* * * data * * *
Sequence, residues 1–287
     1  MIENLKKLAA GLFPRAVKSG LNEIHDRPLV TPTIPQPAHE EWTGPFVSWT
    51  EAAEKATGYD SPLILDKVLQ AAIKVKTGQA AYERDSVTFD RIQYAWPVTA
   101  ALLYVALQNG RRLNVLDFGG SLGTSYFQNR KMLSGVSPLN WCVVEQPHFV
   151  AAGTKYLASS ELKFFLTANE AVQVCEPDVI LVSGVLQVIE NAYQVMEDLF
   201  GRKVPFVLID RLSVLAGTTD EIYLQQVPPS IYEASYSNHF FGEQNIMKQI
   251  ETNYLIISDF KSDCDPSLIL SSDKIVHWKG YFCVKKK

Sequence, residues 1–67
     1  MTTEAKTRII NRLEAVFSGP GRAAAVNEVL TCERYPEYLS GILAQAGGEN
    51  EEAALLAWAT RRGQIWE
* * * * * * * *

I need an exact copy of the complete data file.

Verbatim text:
Sequence, residues 1–287
     1  MIENLKKLAA GLFPRAVKSG LNEIHDRPLV TPTIPQPAHE EWTGPFVSWT
    51  EAAEKATGYD SPLILDKVLQ AAIKVKTGQA AYERDSVTFD RIQYAWPVTA
   101  ALLYVALQNG RRLNVLDFGG SLGTSYFQNR KMLSGVSPLN WCVVEQPHFV
   151  AAGTKYLASS ELKFFLTANE AVQVCEPDVI LVSGVLQVIE NAYQVMEDLF
   201  GRKVPFVLID RLSVLAGTTD EIYLQQVPPS IYEASYSNHF FGEQNIMKQI
   251  ETNYLIISDF KSDCDPSLIL SSDKIVHWKG YFCVKKK

Sequence, residues 1–67
     1  MTTEAKTRII NRLEAVFSGP GRAAAVNEVL TCERYPEYLS GILAQAGGEN
    51  EEAALLAWAT RRGQIWE